February 17, 2022
From the Vault: A Visit to Love Rocks
A rare glimpse into Captain Nat’s Model Room & Workshop
Captain Nat’s Home Life
Captain Nat’s son, L. Francis Herreshoff, described their family home as follows in “Wizard of Bristol:
“Just before Captain Nat was married he designed and had built a small house only about an eighth of a mile from his parents’ home, and as the Herreshoff Manufacturing Company had been built almost around his parents’ home he was close to the shop. To be sure it was a strange-looking house as we think of house architecture nowadays, but in the eighteen-eighties very strange-looking houses were built. The house was built on a small point of land protruding slightly into Bristol Harbor, and on a site which many years before had been occupied by a windmill of the type common in Rhode Island in Colonial times. At the extremity of this point, jutting right into the harbor, was a rocky ledge that for generations had been known as the Love Rocks, so the house was quite automatically named Love Rocks, a name that it still retains. But I must mention that this southern end of the old town must have been in the past looked on with approval by Venus for within a mile of the Love Rocks was a shady lane, known as Lovers’ Lane, and a small pastureland beside a wood lot, known as Cupid’s Garden, which even in my time was a well-known retreat for amorous couples.
The original house at the Love Rocks was painted dark red and was capped by a weather vane which had Captain Nat’s private signal on it. It had a piazza most all the way around it, with some very good places for children to play. The property had two boathouses and a good size stable for Mrs. Herreshoff had a coachman and pair of horses until the advent of the automobile. As the children grew up the house had to be added onto from time to time, and as the young trees which were planted in front of it originally grew up the house had quite a different appearance…”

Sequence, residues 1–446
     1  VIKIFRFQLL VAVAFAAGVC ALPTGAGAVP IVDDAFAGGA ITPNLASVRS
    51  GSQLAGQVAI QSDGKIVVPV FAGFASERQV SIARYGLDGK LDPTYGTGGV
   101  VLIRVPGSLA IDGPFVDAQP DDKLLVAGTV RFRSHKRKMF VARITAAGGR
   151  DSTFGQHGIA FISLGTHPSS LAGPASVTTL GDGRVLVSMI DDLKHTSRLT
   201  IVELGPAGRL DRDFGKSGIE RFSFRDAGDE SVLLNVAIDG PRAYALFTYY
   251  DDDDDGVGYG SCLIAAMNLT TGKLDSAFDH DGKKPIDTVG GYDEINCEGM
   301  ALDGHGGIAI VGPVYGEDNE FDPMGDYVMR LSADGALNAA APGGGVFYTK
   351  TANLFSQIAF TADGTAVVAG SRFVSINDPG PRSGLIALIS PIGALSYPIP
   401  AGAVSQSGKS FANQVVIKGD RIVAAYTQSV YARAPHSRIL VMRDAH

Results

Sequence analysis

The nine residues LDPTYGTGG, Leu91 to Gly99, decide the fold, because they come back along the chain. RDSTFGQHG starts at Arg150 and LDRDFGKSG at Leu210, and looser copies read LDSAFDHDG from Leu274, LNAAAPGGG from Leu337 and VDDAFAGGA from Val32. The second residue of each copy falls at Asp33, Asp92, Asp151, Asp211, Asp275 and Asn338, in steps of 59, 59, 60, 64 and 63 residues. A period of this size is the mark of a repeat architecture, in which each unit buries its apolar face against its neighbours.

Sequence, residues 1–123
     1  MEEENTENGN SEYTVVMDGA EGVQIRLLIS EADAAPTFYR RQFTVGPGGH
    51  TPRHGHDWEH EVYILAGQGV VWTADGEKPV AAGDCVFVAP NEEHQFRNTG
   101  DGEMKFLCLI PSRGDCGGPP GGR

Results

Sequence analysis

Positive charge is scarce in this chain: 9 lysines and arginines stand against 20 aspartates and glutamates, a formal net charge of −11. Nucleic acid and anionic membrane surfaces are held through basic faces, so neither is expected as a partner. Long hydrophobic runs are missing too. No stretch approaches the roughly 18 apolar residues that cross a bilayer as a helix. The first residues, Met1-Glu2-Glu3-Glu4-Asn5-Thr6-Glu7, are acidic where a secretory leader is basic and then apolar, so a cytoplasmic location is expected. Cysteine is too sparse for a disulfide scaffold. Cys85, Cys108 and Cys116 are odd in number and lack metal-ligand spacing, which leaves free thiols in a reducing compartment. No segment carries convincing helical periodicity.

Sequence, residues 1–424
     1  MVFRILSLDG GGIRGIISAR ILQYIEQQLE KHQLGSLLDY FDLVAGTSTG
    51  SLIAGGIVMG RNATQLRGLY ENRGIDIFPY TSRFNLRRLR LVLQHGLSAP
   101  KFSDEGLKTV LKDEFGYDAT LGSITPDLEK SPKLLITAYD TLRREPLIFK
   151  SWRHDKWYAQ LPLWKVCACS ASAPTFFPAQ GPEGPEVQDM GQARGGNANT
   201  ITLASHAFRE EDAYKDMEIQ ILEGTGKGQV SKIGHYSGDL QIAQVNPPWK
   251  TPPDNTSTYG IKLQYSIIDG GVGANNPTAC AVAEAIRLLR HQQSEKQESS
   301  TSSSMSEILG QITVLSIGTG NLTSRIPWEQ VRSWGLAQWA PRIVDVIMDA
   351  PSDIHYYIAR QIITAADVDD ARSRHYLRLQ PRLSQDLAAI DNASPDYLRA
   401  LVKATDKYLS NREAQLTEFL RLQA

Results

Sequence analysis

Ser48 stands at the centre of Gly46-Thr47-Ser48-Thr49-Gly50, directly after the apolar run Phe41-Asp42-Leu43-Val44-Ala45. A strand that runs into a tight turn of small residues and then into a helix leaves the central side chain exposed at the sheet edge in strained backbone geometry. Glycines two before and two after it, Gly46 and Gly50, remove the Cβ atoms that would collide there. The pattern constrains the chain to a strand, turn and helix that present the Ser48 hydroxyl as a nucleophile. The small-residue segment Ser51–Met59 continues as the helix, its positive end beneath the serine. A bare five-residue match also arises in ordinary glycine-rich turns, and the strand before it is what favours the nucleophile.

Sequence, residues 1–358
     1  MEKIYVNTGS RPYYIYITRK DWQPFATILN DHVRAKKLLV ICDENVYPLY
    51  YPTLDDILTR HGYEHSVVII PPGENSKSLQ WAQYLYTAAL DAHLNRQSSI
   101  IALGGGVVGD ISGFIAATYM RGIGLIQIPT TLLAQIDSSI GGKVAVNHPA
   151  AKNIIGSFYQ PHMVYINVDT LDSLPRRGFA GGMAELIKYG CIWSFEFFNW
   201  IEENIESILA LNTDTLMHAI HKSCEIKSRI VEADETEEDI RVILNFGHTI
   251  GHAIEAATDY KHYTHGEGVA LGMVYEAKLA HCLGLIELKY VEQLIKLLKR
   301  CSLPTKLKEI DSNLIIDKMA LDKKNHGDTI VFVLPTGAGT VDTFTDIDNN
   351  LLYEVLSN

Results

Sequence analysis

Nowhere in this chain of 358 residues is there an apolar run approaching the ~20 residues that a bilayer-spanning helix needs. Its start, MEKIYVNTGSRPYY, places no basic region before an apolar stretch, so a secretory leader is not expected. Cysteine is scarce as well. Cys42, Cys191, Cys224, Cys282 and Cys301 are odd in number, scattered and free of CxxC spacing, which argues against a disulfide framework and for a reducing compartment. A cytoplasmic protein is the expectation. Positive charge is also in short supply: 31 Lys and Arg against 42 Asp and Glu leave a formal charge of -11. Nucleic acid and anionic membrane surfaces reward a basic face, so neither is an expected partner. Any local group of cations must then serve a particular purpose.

Love Rocks wasn’t only the family home however – the third floor was also the site of Captain Nat’s Model Room & Workshop, where he carried on the majority of his design work over his decades-long career. Below are a group of ten photographs from HMM’s collection, likely taken by L. Francis around the time of Captain Nat’s death in 1938, or possibly earlier in 1937. They show the interior of Captain Nat’s Model Room and Workshop as it existed during his lifetime. From the models on the walls to the tools, books and notes covering every surface, there is much to observe in these detailed photos. What do you see?
Model Room Workshop looking west. Table & pattern makers vise & stool
Model Room. Banjo clock wall
Model Room Workshop looking south out door to fireplace
Model Room Workshop lathe
Model Room fireplace. Cup Defenders
Model Room west wall between windows
Model Room door between (L) fireplace and door to Clarence’s bedroom door (R)
Model Room fireplace east wall from south
Model Room looking NE to Workshop door past rigged model
Model Room SW corner
1 reply added
Exciting: my grandfather was a “super” in the small boats shed in the early 1900s and taught L Francis how to sail. I remember he had lots of models on the wall from which he built the real thing.